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While Trump Administration shot down the idea of a special ACA enrollment period to help individuals who have lost their coverage due to the COVID-19 Pandemic, states that administer their own exchanges across the country have done the opposite and opened special enrollment periods. This could be especially beneficial for individuals in states that have instituted their own version of the Individual Mandate, such as California, where individuals get the added benefit of avoiding any penalties for 2020 for lack of coverage when they sign up during the special enrollment period.
California’s health insurance marketplace, Covered California introduced a special enrollment period as a result of the statewide Individual Mandate penalty that went into effect earlier this year. The exchange extended the special enrollment through June 30 in response to the COVID-19.
Covered California executive director, Peter Lee stated, “There’s no economic or public health rationale to not open the doors wide in the face of the pandemic,” according to an article by the New York Times.
California joins Colorado, Connecticut, Maryland, Massachusetts, Minnesota, Nevada, New York, Rhode Island, Vermont, Washington and the District of Columbia in allowing the uninsured and recently laid-off workers the opportunity to obtain health coverage.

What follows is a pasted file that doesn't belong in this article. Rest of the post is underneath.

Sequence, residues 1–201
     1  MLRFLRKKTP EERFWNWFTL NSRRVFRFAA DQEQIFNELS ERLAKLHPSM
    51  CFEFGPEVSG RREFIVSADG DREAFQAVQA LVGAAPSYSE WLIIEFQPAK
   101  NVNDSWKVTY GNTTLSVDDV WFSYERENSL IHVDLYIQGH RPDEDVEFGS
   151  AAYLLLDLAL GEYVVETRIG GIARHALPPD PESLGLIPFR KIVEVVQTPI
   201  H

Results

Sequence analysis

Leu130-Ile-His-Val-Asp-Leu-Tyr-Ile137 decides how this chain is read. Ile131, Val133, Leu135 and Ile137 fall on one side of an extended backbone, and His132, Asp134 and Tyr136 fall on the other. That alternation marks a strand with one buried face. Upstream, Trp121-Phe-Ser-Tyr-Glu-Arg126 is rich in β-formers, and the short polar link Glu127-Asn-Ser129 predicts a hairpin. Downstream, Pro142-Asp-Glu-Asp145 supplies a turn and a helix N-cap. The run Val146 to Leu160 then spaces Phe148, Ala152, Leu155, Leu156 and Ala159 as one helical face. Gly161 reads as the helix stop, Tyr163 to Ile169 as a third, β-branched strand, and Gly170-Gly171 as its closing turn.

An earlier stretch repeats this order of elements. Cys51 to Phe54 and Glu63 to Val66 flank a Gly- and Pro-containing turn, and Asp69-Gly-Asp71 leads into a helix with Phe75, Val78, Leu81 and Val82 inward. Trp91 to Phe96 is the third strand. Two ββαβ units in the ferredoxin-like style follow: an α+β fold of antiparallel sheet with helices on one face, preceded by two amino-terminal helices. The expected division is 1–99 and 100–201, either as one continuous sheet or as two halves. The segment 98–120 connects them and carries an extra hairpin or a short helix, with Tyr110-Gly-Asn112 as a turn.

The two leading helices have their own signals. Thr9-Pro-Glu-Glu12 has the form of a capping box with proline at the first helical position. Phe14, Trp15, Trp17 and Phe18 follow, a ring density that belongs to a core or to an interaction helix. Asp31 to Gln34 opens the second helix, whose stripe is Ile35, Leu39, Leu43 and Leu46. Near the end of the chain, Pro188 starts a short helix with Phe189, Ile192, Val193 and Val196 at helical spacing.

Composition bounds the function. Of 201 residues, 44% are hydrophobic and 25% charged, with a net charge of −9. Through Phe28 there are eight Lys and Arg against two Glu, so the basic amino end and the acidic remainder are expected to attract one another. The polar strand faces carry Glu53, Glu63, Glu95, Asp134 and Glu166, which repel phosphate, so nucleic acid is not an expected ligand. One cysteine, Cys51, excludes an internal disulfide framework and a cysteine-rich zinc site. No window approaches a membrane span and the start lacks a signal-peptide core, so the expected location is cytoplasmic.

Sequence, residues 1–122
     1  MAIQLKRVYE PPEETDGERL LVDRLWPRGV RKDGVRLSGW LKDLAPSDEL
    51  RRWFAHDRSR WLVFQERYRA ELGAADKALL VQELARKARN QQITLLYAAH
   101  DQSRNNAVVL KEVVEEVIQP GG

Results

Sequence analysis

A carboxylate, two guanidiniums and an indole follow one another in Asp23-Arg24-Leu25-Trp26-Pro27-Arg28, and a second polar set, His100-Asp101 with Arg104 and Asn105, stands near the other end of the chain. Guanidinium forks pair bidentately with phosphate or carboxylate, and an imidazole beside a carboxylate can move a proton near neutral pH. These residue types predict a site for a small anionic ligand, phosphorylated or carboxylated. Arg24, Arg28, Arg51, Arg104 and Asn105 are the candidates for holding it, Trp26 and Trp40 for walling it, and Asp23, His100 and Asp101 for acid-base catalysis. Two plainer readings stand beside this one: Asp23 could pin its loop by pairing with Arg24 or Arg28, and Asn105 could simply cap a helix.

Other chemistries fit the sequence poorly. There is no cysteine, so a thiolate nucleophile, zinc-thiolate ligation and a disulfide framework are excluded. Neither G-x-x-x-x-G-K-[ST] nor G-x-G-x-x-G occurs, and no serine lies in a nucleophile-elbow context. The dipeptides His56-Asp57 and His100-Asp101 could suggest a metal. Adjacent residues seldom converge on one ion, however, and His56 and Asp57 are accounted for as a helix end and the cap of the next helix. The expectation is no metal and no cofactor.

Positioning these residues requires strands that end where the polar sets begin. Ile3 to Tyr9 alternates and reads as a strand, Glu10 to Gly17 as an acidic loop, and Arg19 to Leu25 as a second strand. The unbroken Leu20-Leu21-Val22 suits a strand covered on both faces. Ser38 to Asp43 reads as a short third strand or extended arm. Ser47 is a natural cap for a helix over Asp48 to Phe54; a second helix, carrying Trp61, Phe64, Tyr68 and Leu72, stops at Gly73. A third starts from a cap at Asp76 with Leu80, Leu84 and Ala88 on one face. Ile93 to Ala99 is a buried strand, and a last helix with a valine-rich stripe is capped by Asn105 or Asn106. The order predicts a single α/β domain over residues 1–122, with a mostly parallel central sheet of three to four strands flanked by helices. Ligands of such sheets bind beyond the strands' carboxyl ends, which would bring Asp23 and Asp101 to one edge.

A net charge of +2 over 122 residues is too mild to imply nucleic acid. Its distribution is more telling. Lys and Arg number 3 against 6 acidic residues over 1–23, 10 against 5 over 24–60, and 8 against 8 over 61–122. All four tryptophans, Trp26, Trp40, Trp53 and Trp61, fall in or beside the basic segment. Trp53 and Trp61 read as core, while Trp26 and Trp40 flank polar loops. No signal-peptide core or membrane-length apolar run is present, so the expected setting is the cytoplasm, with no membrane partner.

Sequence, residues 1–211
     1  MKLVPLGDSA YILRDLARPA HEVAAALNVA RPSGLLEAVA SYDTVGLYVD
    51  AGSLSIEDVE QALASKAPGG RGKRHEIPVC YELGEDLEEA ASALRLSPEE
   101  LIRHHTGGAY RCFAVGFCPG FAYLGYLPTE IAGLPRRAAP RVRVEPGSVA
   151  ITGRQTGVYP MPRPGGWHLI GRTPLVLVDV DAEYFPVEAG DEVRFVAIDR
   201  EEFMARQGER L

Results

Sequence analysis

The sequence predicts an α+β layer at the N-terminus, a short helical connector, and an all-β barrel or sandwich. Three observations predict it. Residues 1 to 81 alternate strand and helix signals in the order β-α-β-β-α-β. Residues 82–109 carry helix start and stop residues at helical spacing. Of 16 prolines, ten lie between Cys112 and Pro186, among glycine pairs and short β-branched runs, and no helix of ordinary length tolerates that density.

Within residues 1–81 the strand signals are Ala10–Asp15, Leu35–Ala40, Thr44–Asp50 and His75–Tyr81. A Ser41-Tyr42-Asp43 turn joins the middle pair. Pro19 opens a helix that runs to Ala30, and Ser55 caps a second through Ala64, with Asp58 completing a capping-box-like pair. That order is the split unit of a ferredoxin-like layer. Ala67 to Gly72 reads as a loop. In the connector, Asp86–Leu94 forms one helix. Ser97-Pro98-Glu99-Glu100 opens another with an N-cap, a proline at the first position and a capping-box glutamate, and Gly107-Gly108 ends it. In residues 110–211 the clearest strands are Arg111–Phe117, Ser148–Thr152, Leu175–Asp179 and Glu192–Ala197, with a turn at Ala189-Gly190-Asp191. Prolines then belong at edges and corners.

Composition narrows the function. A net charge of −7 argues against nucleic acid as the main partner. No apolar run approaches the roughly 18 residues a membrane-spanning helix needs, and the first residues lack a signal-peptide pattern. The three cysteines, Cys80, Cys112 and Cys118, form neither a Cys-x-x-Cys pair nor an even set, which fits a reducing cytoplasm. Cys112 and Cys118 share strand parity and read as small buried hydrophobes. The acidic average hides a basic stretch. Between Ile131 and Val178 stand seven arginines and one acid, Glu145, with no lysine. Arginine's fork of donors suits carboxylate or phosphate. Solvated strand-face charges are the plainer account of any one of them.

Employers should note that with extended open enrollment periods coming into play, the likelihood of your employees receiving aact name Premium Tax Credit (PTC) is greater than ever. As a reminder, a PTC is a trigger to the IRS for initiating ACA non-compliance penalties, such as Letter 226J.
If your organization is not complying with the ACA’s Employer Mandate, you may be subject to significant IRS penalties under IRC section 4980H. The IRS is currently issuing penalties under section 4980H for the 2017 tax year through Letter 226J.
As a reminder to employers in conjunction with the Employer Shared Responsibility Payment (ESRP), the ACA’s Employer Mandate, Applicable Large Employers (ALEs) organizations with 50 or more full-time employees and full-time equivalent employees) are required to offer Minimum Essential Coverage (MEC) to at least 95% of their full-time workforce (and their dependents) whereby such coverage meets Minimum Value (MV) and is Affordable for the employee or be subject to Internal Revenue Code (IRC) Section 4980H penalties.
We’re committed to helping companies reduce risk, avoid penalties, and achieve 100% ACA compliance. For questions about the ACA contact us here.